Mr Pereira had come on shift at 6am while the President was taking his morning walk. He said no one had told him about any meeting. The soldier said Reinado and an offsider, Leopoldino, who was also shot dead, had marched straight inside the compound searching for the President.

Ms Pires is accused of being an "indirect author" of events, having encouraged Reinado, with whom she was having a relationship, to go to Dili to attack the President and Prime Minister. She denies it.

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'Kill two dogs': Timor assassination trial begins

Dili

July 14, 2009

AUSTRALIAN woman Angelita Pires told East Timorese rebel leader Alfredo Reinado to go to Dili to "kill two dogs" the day before the 2008 assassination attempts on the country's top two political leaders, a court has been told.

Pires, a dual citizen of Australian and East Timor, is facing trial with 27 others allegedly involved in the February 11, 2008, attacks on President Jose Ramos Horta and Prime Minister Xanana Gusmao.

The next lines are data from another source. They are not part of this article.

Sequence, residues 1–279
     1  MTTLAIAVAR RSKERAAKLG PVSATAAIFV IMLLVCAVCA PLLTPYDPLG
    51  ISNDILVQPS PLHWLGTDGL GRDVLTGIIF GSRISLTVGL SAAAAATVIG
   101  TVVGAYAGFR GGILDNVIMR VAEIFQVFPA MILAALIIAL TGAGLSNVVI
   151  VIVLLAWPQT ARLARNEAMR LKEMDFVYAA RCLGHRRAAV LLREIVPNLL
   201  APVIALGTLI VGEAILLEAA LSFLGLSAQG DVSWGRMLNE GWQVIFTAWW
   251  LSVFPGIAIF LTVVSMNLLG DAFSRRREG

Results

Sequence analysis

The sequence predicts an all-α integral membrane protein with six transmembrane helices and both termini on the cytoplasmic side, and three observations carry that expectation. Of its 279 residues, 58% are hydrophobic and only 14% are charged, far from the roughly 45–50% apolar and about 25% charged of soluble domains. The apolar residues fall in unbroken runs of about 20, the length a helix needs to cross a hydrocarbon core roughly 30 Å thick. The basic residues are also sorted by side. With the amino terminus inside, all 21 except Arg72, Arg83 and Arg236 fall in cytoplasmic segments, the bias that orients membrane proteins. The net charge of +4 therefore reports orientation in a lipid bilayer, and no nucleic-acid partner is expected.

Pires, 43, was then the lover of Reinado, who was shot dead in an ambush in which Mr Ramos Horta was wounded.

Security was tight at the Dili District Court yesterday for the start of the trial.

On February 10, prosecutors said, Pires had told Reinado: "You are going there (to Dili) to kill two dogs."

In the days before the attack Pires also told an unidentified person "something" was going to happen in Dili, they alleged. The month before, Pires had travelled to Australia to raise money for Reinado's group, the court heard.

Pires, who maintains her innocence, said she felt "strong". "I am still fighting for justice," she said as she entered the court. "I still fight for Alfredo Reinado, I cannot blame him."

The accused and their lawyers packed into the small courtroom. Family of the defendants and journalists crammed into another room to watch via video link.

The court dismissed a move by prosecutors to prevent Pires' Australian legal team taking part in the trial, which continues today.

AAP